• Re: (Score:3, Funny)

        by JonJ (907502)
        That's "easy money" where you live? Where the fuck is that? And I wonder what's considered "hard" for you people.
        • Re:The Catch (Score:4, Interesting)

          by digitalchinky (650880) <dtchky@gmail.com> on Saturday June 06, 2009 @08:11AM (#28231853)

          I'm Australian, a former secret 3 letter agency drone (Defence Signals Directorate, and others), probably disgruntled, and a few years back I moved to Asia. I'd love to say I now dabble in a little light industrial espionage, but really, there isn't much of a call for former spies. People don't believe you anyway. These days I'm just some guy with a keen interest in radio communications. And this problem is naught more than a bit of a jigsaw puzzle of equipment and a hex editor. Pretty much anyone working with any kind of satellite communication system will be familiar with the technology.

          What is hard? For me, anything that is largely not radio communications, like women, and carburettors :-)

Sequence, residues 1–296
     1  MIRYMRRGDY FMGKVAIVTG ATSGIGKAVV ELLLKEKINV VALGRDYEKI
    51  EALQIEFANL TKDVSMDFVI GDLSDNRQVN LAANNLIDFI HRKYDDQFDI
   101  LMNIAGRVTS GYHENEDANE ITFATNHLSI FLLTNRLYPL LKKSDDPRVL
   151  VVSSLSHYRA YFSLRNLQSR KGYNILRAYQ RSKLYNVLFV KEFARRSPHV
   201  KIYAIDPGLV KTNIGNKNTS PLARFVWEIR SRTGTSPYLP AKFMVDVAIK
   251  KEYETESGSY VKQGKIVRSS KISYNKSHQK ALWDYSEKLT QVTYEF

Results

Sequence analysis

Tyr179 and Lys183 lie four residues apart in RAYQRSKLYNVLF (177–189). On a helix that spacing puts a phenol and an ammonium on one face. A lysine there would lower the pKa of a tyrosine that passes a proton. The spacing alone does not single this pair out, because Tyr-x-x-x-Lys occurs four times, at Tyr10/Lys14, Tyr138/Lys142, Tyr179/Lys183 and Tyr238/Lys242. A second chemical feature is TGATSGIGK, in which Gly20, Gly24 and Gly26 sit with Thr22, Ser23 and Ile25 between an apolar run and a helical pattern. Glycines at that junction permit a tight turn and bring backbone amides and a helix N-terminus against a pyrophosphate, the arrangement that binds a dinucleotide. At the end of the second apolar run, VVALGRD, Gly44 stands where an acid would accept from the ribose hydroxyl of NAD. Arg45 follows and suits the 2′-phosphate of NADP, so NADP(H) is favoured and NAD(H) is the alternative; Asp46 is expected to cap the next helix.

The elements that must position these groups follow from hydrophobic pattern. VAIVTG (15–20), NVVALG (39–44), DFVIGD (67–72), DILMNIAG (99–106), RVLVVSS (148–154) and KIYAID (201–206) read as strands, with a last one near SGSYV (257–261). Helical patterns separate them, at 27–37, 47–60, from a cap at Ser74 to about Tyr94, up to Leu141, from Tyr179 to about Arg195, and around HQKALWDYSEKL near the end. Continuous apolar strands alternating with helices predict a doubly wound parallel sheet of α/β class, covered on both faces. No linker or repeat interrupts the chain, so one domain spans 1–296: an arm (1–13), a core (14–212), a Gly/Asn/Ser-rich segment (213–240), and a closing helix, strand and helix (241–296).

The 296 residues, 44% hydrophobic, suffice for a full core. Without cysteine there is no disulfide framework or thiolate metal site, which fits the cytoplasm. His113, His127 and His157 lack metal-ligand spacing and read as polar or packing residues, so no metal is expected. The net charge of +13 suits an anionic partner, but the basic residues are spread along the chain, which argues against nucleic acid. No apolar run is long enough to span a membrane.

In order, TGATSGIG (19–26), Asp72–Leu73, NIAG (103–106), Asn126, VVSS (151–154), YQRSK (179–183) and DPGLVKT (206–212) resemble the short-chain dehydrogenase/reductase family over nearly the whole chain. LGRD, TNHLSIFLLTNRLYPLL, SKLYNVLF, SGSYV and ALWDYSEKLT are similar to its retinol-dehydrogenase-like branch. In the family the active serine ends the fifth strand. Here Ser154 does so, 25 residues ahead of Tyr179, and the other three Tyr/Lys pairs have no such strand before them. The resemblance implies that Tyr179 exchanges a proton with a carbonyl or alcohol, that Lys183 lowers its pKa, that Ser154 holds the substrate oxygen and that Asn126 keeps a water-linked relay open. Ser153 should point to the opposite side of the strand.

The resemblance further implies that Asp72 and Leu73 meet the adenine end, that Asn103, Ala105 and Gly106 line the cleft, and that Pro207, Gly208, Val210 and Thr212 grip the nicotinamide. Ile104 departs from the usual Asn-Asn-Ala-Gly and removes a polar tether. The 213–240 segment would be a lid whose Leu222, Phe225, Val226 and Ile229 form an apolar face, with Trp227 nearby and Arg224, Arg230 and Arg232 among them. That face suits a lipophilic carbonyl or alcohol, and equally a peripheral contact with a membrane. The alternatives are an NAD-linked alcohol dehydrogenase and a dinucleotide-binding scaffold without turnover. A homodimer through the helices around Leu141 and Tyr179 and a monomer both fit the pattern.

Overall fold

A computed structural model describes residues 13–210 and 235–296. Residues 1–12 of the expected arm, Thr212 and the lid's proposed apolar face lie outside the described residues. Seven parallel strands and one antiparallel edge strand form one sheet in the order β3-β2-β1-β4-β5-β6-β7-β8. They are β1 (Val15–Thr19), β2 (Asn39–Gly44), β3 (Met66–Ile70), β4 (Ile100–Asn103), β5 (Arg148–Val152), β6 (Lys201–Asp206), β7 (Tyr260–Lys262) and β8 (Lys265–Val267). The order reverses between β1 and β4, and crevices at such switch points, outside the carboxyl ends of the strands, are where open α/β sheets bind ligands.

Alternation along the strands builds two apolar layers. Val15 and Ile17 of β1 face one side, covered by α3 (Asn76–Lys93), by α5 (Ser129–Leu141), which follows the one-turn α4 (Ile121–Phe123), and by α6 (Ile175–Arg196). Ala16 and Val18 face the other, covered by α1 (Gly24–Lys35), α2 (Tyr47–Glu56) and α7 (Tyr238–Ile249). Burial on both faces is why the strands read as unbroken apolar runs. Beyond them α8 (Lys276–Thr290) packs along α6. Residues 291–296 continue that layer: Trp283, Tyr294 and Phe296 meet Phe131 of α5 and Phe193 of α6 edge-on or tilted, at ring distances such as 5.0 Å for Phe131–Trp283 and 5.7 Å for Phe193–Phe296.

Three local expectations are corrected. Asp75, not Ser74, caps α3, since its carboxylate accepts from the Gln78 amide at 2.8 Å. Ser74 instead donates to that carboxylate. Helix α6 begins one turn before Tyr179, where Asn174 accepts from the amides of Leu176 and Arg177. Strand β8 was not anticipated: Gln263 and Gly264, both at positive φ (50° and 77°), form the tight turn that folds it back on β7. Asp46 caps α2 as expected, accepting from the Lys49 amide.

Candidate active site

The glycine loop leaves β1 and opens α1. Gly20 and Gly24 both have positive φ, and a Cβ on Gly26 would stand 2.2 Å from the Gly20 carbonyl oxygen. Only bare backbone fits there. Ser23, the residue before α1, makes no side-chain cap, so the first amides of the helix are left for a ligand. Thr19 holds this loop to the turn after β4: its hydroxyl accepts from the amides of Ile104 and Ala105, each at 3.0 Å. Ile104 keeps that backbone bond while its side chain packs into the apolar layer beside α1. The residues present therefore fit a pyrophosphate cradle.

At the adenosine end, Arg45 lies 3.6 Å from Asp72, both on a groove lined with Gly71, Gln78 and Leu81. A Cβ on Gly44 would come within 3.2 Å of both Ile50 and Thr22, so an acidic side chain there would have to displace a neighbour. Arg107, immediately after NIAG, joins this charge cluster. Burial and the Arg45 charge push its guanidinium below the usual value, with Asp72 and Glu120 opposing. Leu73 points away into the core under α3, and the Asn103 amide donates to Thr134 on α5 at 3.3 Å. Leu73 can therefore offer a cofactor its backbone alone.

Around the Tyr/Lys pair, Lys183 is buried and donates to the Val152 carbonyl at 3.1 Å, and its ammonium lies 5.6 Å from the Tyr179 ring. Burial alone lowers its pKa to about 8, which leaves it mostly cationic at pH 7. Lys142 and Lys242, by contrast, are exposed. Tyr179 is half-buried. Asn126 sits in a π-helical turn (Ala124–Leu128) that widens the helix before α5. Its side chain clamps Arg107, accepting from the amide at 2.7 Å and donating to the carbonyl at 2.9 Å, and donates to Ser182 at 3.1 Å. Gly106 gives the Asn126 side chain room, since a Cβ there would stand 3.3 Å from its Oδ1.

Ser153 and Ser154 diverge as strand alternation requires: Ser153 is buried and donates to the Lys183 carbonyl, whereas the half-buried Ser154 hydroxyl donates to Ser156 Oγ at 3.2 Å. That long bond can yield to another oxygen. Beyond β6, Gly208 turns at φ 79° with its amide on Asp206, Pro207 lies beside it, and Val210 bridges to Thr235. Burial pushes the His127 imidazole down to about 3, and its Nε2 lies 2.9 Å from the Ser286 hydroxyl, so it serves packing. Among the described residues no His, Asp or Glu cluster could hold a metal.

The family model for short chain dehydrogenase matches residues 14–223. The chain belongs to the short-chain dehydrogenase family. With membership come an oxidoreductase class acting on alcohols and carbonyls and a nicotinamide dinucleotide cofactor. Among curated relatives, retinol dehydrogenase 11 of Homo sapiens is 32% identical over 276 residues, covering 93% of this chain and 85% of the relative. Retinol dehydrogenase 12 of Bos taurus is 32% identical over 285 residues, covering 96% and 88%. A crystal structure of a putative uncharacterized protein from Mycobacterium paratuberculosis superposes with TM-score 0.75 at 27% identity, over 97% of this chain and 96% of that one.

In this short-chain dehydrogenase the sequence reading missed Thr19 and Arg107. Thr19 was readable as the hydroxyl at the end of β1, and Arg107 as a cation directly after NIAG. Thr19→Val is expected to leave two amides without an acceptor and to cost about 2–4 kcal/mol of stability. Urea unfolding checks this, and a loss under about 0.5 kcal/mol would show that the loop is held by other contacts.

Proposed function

• It would take a half a day at most. Camp outside his office or home, figure out which cell tower he is on (line of site) and poke an antenna in the path of the microwave link the tower uses to talk to the exchange. (This traffic is all unencrypted, bog standard T1/E1 stuff) - do whatever you need to do to trigger the text alert, suck down the CCITT-7 channel, then pick through the SMS payload until you find the code. Log in and take the cash.

        I'm not saying GSM isn't swiss cheese from todays security POV, bu